Human Limits to Environmental Endeavours

Prem Chandavarkar
5 min readMay 13


This text is based on a 7-minute presentation I gave as a part of a panel discussion on “Governance Challenges in Making a New World.” This discussion was a part of a day-and-a-half long event organised to celebrate the 25th anniversary of the Environment Support Group (ESG), Bengaluru.

For this discussion, I was assigned to speak on “Environmental Limits to Human Endeavours.” I started work on this topic only to find myself compelled to speak about its reversal, “Human Limits to Environmental Endeavours.” All of us here in this room are friends of ESG. We are the converted, already enlisted as warriors to the cause of environmental protection, so do not need anyone to speak to us on what environmental limits are. The challenge we face are the human limits to how we may advance our cause.

To me, an understanding of what environmental limits are is best captured by economist Kenneth Boulding in his classic paper of 1966 “The Economics of the Coming Spaceship Earth,” where he describes two possible kinds of economics. The first he calls ‘Cowboy Economics’ recalling the appropriation of the Americas by European settlers who assumed an infinite terrain of ever expanding frontiers available for appropriation. The second is ‘Spaceship Economics’ that assumes a space so finite that every action must account for its impact on fellow inhabitants. ‘Cowboy Economics’ is the dominant prevailing paradigm that posits an open system where the priority is on expanding throughput and choice can be individualised. ‘Spaceship Economics’ accepts a closed system where the priority has to be toward sustaining the quality and quantity of stock within the system, and choice has to be collectivised in some form.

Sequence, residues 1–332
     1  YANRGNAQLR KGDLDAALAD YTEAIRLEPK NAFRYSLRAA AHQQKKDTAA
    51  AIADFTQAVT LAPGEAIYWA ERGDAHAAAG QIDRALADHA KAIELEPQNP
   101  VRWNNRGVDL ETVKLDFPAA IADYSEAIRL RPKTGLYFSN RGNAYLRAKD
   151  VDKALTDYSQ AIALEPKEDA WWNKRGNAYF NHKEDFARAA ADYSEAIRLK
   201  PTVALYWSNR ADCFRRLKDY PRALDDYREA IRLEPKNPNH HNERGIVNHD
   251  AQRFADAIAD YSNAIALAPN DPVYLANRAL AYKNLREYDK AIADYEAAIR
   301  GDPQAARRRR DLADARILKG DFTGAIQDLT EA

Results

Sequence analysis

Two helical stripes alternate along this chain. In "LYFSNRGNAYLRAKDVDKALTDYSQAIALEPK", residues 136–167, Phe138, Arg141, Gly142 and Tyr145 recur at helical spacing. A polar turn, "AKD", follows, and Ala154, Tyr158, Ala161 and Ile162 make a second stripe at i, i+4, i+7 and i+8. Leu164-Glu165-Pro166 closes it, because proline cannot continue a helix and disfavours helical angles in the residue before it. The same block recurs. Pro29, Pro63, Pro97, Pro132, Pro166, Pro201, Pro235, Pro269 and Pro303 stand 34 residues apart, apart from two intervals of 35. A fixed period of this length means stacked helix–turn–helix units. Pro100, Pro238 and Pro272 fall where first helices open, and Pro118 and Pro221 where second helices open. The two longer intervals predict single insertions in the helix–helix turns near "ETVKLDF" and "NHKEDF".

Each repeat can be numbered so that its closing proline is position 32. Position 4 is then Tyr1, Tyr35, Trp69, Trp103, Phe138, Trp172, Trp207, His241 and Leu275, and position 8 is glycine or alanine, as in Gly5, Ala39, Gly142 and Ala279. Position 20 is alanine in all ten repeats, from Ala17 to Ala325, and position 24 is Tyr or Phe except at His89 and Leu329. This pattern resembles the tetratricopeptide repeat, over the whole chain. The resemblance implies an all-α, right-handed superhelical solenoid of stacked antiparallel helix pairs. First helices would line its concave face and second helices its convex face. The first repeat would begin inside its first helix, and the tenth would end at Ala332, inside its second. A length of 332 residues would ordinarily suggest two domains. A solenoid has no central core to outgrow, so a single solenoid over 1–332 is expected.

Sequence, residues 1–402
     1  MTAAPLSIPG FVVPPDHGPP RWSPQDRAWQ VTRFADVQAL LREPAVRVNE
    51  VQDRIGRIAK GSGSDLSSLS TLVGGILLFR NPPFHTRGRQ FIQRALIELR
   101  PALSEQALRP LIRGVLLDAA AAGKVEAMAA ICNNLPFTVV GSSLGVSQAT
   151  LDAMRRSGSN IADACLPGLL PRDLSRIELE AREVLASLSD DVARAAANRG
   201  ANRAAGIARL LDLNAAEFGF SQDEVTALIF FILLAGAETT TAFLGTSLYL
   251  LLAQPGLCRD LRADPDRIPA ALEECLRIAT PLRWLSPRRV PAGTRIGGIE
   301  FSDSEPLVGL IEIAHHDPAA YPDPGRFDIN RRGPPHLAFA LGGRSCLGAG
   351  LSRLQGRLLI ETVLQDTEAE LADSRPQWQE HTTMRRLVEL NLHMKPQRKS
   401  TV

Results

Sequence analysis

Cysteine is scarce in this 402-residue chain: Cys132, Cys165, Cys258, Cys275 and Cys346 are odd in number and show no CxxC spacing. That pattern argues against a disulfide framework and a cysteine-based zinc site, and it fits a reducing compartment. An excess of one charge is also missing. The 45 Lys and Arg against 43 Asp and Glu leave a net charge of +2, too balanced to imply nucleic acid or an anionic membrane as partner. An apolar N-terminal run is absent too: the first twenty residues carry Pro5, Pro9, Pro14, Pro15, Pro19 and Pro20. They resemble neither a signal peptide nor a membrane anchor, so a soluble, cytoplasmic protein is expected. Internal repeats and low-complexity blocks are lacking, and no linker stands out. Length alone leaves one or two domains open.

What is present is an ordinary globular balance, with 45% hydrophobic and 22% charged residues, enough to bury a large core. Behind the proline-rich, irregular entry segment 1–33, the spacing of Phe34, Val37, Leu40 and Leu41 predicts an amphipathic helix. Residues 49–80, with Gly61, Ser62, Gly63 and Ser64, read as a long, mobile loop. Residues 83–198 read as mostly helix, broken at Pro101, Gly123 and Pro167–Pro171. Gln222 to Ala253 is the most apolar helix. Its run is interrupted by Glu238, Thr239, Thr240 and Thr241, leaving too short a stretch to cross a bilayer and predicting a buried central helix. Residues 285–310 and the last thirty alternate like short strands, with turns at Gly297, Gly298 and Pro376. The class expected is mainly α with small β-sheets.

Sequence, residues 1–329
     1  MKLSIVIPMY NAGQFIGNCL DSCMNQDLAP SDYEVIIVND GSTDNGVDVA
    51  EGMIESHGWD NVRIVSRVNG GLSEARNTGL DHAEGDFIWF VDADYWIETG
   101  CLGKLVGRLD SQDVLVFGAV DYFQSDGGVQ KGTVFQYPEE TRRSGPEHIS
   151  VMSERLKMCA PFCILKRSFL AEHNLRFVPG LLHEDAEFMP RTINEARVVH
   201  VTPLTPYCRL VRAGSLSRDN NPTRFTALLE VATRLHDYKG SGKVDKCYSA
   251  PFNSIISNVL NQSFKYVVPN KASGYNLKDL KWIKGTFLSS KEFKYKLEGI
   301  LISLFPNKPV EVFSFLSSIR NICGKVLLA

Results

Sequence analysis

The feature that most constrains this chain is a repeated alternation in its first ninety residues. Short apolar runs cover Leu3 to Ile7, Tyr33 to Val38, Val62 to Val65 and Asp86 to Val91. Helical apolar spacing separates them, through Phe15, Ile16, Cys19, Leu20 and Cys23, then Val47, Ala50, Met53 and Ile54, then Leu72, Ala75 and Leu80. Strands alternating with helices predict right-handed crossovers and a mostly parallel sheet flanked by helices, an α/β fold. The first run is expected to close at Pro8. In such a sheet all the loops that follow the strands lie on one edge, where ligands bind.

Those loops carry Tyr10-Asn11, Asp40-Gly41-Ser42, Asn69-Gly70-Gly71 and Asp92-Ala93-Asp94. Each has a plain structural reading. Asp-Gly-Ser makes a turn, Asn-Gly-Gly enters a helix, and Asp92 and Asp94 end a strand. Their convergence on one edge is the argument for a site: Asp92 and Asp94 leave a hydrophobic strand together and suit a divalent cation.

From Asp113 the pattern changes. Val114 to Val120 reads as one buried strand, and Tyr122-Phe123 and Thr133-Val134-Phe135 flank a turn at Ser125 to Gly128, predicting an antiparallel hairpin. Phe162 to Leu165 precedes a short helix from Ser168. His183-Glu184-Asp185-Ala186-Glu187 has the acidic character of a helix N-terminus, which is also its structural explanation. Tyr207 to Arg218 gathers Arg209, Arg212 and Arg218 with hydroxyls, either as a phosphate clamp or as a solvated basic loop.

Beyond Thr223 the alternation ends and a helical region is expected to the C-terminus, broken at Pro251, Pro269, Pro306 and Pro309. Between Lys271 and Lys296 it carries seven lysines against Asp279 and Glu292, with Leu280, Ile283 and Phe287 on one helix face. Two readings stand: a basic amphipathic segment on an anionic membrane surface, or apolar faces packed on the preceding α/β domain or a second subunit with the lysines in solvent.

The profound challenge we face is that we have a political system in which the legitimacy of governance rests on assuring an open system of continuous economic growth combined with a doctrine of constitutional rights that foregrounds the individualisation of choice. We need a persuasive strategy that provokes systemic reform and lifestyle change, which brings me to the reversal of title I referred to earlier.

Persuasion is a challenge because nature is complex, and I use the word ‘complex’ in very specific way, inspired by another classic paper, this one from the 1940’s: Warren Weaver’s “Science and Complexity,” in which he posits three categories of scientific problems:

1. ‘Organised Simplicity,’ where the entire system can be captured in a conceptual model of scientific law.

2. ‘Disorganised Complexity,’ where the system is so disaggregated that understanding is possible only through statistical techniques.

3. ‘Organised Complexity,’ where organisation in the system does not directly ensue from a priori scientific law, but emerges over time through interaction of the parts of the system with each other and with context. This occurs because the system possesses a capacity for emergence of order through iterative evolutionary spirals of experiential pattern recognition.

Living systems (in other words ‘nature’) tend to be characterised by organised complexity. This makes nature a non-linear system, which means:

· There are no determined chains of cause and effect for emergence, in its experiential discovery of pattern, can divert down unforeseen paths.

· There is no direct correspondence between input and output; large inputs can result in insignificant output, and small inputs, especially when they exponentially coalesce, can provoke system changing output.